Luis Vizcaino used to be No.1 on our shit list, but his June has made us think that he just might a serviceable part. Maybe not the 8th inning guy, but someone who can step in in the 6th or 7th and get a few outs. After starting off the month with a 7.27 ERA (and an atrocious 9.00 ERA in the month of May), he’s brought it down to 5.35 with a 0.82 ERA in June. The only problem, as we see it, is that he’s walked seven to nine strikeouts this month, revealing that he may be getting as lucky in June as he was unlucky in May.
Ron Villone, however, is just plain bad. He has completely lost any ability to strike out hitters (he has three on the year, all coming in one game — 2.2 innings — against the Angels on May 25). He doesn’t throw strikes consistently, and it’s difficult to trust him for even a full inning. He’s not destroying the ‘pen, but that’s merely because he’s so rarely used. He needs to go. Now.
Mike Myers is a strange case. He’s a lefty specialist who has a .793 OPS against vs. lefties and a .547 OPS against vs. righties. This isn’t really new, though: he posted a .730 OPS against vs. lefties last season. His .631 OPS against vs. righties would suggest that he’s getting a bit lucky against them this year. He does a decent job in mop up duty, but if the Yanks are going to do anything this year, they won’t be needing a mop up man. This is a strict recommendation to DFA him now and bring up someone more versatile.
A reasonable proposal: DFA Myers and Villone, immediately. I’d give Farnsworth and Vizcaino a stay of execution, mainly because they’ve been valuable in the past. Of course, I’d start shopping them, but wouldn’t pull the trigger unless I was sure. How would I be sure? By the performance of the replacements for Myers and Villone: Edwar Ramirez and Chris Britton. Yes, that leaves the pen lefty-less, and the likely Yankees solution would be one of the above plus Sean Henn. Either way, they can’t be as bad as the other two. If those guys pitch well, then you pull the trigger on a Farnsworth and/pr Vizcaino deal and give the other Scranton relievers a shot. Jim Brower is among them; he may be 34, but he’s allowed just six runs over 24.1 innings in Scranton, and four of them came in his only lousy appearance for them. Chant it with me, people: Aa-ron Small. Aa-ron Small.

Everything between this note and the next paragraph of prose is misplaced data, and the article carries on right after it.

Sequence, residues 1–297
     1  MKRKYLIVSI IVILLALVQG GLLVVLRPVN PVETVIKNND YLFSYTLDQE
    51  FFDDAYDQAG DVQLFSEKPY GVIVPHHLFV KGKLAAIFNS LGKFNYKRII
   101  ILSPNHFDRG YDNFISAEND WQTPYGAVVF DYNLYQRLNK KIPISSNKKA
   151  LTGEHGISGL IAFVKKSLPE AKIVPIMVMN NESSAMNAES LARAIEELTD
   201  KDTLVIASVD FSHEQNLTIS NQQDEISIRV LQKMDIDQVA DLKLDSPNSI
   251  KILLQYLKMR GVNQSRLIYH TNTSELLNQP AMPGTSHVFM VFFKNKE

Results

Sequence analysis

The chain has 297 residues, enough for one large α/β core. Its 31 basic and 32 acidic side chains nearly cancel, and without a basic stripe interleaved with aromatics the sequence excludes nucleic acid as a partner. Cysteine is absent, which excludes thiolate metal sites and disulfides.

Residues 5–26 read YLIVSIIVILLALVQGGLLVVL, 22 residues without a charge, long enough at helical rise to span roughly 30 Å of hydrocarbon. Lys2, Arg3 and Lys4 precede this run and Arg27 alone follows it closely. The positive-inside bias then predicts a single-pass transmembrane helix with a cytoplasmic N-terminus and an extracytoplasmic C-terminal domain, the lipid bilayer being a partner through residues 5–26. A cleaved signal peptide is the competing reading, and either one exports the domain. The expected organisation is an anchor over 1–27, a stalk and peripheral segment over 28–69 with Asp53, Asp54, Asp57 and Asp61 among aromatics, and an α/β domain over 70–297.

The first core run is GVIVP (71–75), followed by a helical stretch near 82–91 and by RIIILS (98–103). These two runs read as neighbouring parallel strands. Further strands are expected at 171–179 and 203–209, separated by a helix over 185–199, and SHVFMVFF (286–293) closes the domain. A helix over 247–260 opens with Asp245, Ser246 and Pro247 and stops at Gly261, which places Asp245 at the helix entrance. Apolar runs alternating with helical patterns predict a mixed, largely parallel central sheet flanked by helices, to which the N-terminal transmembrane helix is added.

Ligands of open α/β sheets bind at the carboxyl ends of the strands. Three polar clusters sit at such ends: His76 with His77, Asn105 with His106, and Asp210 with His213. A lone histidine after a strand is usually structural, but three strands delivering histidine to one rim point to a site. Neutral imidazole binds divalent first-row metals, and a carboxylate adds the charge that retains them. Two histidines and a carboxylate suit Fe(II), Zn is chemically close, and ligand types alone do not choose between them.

(Update: According to Chad Jennings, beat writer for the SWB Yankees, we might not be seeing Edwar anytime soon.)
We make no secret about it: we hate Miguel Cairo at first. We hate Andy Phillips there, too, but just slightly less than Cairo. Either way, we’re playing with a significant hole in the lineup (both are best suited for reserve roles, if any in the majors). It’s not like Cashman is going to pull a real first baseman out of thin air, and snagging one in a trade doesn’t seem likely until we’re closer to July 31.
I know it’s crazy, but I’m actually missing Mientkiewicz right now. But we’re going to have to wait a few weeks still to even hear rumblings of his return. It’s going to happen, though, which is probably the reason for Cashman’s reluctance to make any real change to the position. Well, that, and the fact that there isn’t much he can really do.
A reasonable proposal: While I’d love to see a cheap-o deal swung for Scott Hatteberg or Russ Branyan, I don’t see the Yanks adding another lefty first baseman when one is due back from the DL in a few weeks. The call-up of Shelley Duncan would make for a more flexible move (he can play the OF, 1B and DH). Right now, that may be the only move.
Think about it
Wouldn’t you like to see the Yankees make just one of these moves today?
Last 7 Days
Abreu: .125/.160/.208 — Back to killin’ us, though the effect on A-Rod is negligible